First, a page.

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Discussion Starter #1
Word is that a Nuvi or Zumo is in my future. :)

Can someone send me a short list of things I need to buy to get a power outlet up front ... and also for a heated gear plug to come out from under the seat. I'm hoping Eastern Beaver has all the stuff.

I know this subject has been kicked around a lot but there's too much info and I just want to get a quick shopping list to order the stuff now.

Thx.

pmk
 

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Hooking up power for the GPS

Before you order anything you need to know the exact model of GPS unit you are getting. Not every GPS unit uses the same style power/USB connector. The best way to power your GPS is by ordering the proper cable/connector from a Garmin reseller. You will also need a mounting system for your GPS. Garmin makes a specific cradle for each of their models so you need to order that too from the reseller. Eastern Beaver does not supply these items.

To facilitate an appropriate mounting location in/on the dash (behind the windscreen) you will also need a mounting bracket with a 1 inch ball for the RAM connection with your GPS cradle. There are a couple of good sources for the bracket that will fit a Vee/Wee. I obtained my bracket from RichlandRick here Richlandrick's Adventure-Tech LLC or you can order one from Pat Walsh Designs here Stombone GPS Mount for V-Strom DL1000/DL650. :thumbup:

The wiring cable will not have "finished" leads with which to connect to the battery. You will have to do that yourself. The cable normally comes with an in-line fuse to protect the battery and the GPS unit from a short.

Omce you have all the components you will find that it is fairly easy install. :yesnod:
 

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Discussion Starter #3
Thanks, Ol_Baldy.

I'm thinking that it would be good to install an automotive style plug to front panel so I can use a variety of electronics.

How does this front panel socket system seem?

Suzuki VStrom Electrics

pmk
 

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I used to have my gps hooked up to a switched powerlet, but changed it around so its direct from the battery. It's got its own built-in inline fuse, and I dont have to worry about it turning off and trying to locate the sats every time I shut the bike off for gas.
As for the powerlet kit from Jim at Eastern Beaver, it will have everything you need, and probably a thing or two you didnt realize you needed.
If you end up ordering from EB, pick up a PC-8 or 3CS fuse panel at the same time to make the wiring even more painless.
I didnt opt to mount my powerlet in the fairing, I went with one of Richland Rich's shelf. It's visible in this pic, just behind my temp gauge...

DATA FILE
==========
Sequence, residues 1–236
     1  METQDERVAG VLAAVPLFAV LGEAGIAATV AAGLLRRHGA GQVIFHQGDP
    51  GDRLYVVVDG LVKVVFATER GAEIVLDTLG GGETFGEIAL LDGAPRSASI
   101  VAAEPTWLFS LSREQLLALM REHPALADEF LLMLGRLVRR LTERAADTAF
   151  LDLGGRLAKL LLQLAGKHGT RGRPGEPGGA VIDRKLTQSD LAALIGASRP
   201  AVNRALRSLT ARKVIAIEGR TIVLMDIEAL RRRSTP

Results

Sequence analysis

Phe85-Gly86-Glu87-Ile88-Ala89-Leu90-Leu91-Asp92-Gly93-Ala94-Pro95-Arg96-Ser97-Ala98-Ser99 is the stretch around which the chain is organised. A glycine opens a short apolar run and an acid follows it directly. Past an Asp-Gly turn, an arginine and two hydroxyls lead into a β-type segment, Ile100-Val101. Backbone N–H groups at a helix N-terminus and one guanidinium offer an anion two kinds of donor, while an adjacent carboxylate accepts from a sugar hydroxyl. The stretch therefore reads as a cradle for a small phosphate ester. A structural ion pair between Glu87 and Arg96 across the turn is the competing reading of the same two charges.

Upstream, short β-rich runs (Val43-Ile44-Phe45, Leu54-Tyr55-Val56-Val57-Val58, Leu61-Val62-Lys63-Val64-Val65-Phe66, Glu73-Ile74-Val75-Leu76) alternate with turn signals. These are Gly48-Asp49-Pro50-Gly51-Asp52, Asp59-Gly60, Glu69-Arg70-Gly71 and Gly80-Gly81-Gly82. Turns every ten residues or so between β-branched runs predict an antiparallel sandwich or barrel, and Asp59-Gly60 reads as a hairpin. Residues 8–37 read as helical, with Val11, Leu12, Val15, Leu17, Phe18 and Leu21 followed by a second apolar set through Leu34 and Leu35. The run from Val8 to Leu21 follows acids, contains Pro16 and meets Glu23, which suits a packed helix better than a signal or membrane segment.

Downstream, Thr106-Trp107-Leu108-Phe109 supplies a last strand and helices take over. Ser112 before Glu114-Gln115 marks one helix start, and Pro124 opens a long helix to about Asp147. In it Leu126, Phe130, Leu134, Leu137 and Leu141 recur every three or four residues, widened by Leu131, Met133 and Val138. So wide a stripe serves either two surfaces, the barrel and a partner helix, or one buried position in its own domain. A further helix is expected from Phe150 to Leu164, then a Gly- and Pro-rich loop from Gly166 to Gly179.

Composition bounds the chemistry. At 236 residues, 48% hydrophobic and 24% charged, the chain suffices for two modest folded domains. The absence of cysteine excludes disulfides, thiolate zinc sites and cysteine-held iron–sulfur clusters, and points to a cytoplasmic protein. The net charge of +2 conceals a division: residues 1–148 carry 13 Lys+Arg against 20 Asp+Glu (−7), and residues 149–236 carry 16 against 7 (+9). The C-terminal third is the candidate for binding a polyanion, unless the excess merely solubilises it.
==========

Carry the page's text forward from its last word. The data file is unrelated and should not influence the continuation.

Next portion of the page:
Good luck,
Chris in Boston
 

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Discussion Starter #6
I bought the powerlet version of this kit. I like it.

I mounted it to a Richland Rich shelf like frosty. I like it.

With a powerlet <-> automotive adapter the world is at my command!
The Richland Rick Shelf (Rick's Auxillary Shelf) looks awesome, especially since he can powercoat them black and drill some holes.

I'm thinking of getting one with two plugs, one automotive and one powerlet. Is this a bad idea? I can see wanting to use both the GPS and heated gear at some point. Is this a bad idea?

Does the Eastern Beaver kit allow for two plugs?

Here's pic from another forum of the configuration:

 

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"Bad idea" is in the eye of the beholder. As long as you are fused appropriately and not drawing too much.. yeah, whatever.

I got my shelf cut for a single powerlet on the right. I've since drilled it out for an LED for my voltage indicator. Pretty much just like Rich shows in his own setup in his threads.
I got mine coated black. It looks good on my black bike.

The kit as-is is not setup for two plugs. It could be modified. I'm told EB is open to making custom kits. Or you could piece something together from his non-bike specific kits.

Although I'd just get one of these. It's what I did:


If/when I get a GPS I plan on splicing a powerlet end onto it.
 

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Power Outlet

Thanks, Ol_Baldy.

I'm thinking that it would be good to install an automotive style plug to front panel so I can use a variety of electronics.

How does this front panel socket system seem?

Suzuki VStrom Electrics

pmk
This is a good system BUT if you are thinking of using it for heated riderwear you cannot use an auto cigar type outlet for this purpose - not rated for high wattage. Instead you must use a Powerlet (BMW/Euro) type socket (higher amps/watts rated). You will then need an adapter to go from BMW socket (male) to COAX type connector (female) to connect a heated vest or liner.

I have one of each type of power outlet on my bike - one for heated clothing and the other for recharging or running low-draw electronics. I also have them on a Rick's Auxiliary Shelf.